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I found a coffee tree which blossoms and produces coffee "cherries" each year. Last year I harvested a few dozen cherries.

After reading all kinds of "how to grow coffee from cherries" articles which all seemed to give different instructions, I did the following:

  • Separated the beans from the fruit, soaked overnight and cleaned them off.
  • Planted half in soil about 2 cm down right away.
  • The other half I let air-dry for a few weeks and then soaked overnight and planted.

The pots sat right in front of a south-facing window.

I had zero yield. Possibly it was too late in the year and wasn't warm enough inside (no central heat here in Taiwan) and possibly in my enthusiasm, I over-watered.

This year I would like to try again. The tree is currently blossoming and so I expect many cherries later this summer.

Question: What really is the right procedure for growing coffee indoors from cherries? Should they be allowed to dry out before planting? If so, why?


A few of the coffee beans from last year, still in the process of being separated from the fruit:

A few of the coffee beans from last year, still in the process of being separated from the fruit

3 Answers 3

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I think you mostly did things correctly, except in a few points:

  • A couple of sources I saw said you were supposed to ferment the pulp from the seed, while others didn't care how you removed the pulp. I think the fermentation is supposed to aid in removing the seed coat.
  • You need to soak the seeds for 24 hours, not just overnight, to ensure removal or "cracking" of the seed coat.
  • If you do air-dry the seeds, do so only for a few days, not weeks.
  • Don't over-water - the seeds apparently like to be moist, but not wet. This will be the trickiest part of germination, in my opinion, because:
  • It can take 10 weeks or so for a fresh seed to germinate; up to six months for a dried seed.

You're right in that sources are contradictory about whether you should dry the seeds or not after soaking them. It all has to do with the seed coat, so if you notice that the coat has cracked after soaking you can skip the drying part.

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  • OK I will pay attention to these, thank you very much! When extracted from the fruit, the seeds are still wet, soft to the touch and slippery. It's hard to imagine how making them wetter will make something crack. Perhaps it's the drying that helps the coat become a distinct layer that can separate or crack. This year I'll be more careful to keep the soil in the "moist but not wet" regime dutifully for a few months. I'll also start earlier so that they have more time to germinate before it gets cold.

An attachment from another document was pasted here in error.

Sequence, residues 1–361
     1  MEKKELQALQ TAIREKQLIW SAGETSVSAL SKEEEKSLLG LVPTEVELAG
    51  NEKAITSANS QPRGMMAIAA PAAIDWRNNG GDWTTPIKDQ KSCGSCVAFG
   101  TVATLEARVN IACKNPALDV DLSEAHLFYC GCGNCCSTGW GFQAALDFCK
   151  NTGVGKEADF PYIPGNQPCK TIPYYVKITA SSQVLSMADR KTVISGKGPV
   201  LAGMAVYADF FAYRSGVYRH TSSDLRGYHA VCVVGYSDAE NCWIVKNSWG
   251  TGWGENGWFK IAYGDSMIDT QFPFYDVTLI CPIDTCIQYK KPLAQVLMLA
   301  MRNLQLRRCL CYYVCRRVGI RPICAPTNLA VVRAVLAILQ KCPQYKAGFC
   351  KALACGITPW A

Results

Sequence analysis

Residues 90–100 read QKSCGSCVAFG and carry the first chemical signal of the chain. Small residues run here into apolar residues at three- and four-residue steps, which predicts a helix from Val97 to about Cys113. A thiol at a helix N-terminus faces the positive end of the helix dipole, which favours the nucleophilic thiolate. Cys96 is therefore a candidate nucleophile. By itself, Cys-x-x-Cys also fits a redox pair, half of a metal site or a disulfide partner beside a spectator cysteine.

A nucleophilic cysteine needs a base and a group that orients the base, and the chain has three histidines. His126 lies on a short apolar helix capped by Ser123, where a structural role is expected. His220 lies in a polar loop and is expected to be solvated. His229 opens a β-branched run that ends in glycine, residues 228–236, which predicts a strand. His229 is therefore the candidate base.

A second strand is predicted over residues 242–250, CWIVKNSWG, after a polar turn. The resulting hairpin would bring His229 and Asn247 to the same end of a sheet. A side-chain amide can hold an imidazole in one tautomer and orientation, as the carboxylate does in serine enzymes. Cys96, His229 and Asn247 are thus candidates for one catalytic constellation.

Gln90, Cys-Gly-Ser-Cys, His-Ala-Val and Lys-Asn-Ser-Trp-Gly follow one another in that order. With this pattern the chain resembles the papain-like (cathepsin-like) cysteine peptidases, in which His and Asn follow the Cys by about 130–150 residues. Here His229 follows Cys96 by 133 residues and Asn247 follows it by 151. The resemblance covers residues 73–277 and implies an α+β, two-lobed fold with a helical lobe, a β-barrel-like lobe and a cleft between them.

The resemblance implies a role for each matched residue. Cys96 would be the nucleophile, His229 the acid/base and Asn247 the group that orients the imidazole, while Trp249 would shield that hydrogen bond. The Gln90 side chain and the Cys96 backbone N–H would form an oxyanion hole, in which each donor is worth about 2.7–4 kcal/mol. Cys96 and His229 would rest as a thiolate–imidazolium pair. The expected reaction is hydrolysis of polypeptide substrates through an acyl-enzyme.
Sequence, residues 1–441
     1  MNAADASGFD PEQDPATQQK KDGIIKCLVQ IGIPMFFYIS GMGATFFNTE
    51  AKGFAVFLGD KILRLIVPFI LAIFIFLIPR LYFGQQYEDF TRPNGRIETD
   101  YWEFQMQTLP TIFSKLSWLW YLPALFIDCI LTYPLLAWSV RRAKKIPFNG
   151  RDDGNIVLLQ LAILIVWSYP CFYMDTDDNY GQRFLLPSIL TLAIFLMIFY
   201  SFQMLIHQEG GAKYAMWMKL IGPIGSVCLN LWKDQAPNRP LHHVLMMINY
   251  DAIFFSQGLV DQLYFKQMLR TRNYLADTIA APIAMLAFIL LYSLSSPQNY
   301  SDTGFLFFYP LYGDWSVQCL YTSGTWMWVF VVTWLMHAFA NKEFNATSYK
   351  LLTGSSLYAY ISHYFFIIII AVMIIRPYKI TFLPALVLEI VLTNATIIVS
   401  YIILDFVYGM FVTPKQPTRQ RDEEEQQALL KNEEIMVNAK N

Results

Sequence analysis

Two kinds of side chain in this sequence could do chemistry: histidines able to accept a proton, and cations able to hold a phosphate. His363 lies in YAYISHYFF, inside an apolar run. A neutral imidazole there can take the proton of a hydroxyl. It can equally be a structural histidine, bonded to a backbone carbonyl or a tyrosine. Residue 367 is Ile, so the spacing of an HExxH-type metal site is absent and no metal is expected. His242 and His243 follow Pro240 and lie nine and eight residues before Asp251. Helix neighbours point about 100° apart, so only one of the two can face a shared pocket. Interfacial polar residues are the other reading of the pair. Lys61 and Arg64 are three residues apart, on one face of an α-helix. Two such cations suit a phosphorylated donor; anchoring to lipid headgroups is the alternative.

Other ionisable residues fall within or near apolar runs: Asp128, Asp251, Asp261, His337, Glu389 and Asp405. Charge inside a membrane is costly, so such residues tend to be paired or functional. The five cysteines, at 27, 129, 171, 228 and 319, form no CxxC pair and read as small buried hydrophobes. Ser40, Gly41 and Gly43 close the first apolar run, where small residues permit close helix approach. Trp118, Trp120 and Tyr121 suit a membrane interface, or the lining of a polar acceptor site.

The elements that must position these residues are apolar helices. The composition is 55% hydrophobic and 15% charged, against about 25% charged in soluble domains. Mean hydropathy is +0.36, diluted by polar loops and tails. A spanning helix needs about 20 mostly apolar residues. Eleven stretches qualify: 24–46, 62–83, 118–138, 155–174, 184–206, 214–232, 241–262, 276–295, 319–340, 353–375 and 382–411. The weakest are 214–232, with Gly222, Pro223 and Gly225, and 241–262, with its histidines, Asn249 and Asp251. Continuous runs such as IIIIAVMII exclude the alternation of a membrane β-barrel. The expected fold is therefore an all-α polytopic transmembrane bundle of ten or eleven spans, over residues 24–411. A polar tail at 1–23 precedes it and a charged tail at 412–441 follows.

– uhoh
    Apr 14 at 15:10
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    One source talked about germinating the beans between two layers of the bag the green coffee beans came in. In your case, that would be thick burlap, since you're getting them right of the tree. Keeping burlap moist might be easier than using a soilless mix.
    – Jurp
    Apr 14 at 18:27
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    So, you may have a very long wait for your next cup of joe...
    – nuggethead
    Apr 14 at 20:27
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Assuming that at one point you want to be able to enjoy a cup of your own coffee, let's begin with the growing. Coffee roughly is divided into four species namely Arabica, Robusta, Excelsa and Liberica all originating on the African continent. From the image of the fruit I would guess that what you're growing is Arabica.

People in higher latitudes > 35 deg (up/down) are used to plants and trees which after a more or less pronounced cold period (autumn, winter) life is returning back, plants sprouting, blooming, being fertilized and then growing seeds (aka fruit).

People in lower latitudes < 30 deg (around the equator) are used to pronounced wet/dry periods with temperatures staying well above freezing and plants often having not one, but two fruiting periods. Blooming is triggered by a strong wet period after a pronounced dry period.

To make your coffee bloom, with coffee being a tropical to subtropical plant, use spring and the emerging longer days by taking your plants off the watering schedule for ten to fourteen days. Watch the foliage as your leaves should no go for longer time periods while drooping. After the dry period restart watering with a good soaking, also spray foliage with water to simulate rainfall. Then return to your customary watering scheme the next day.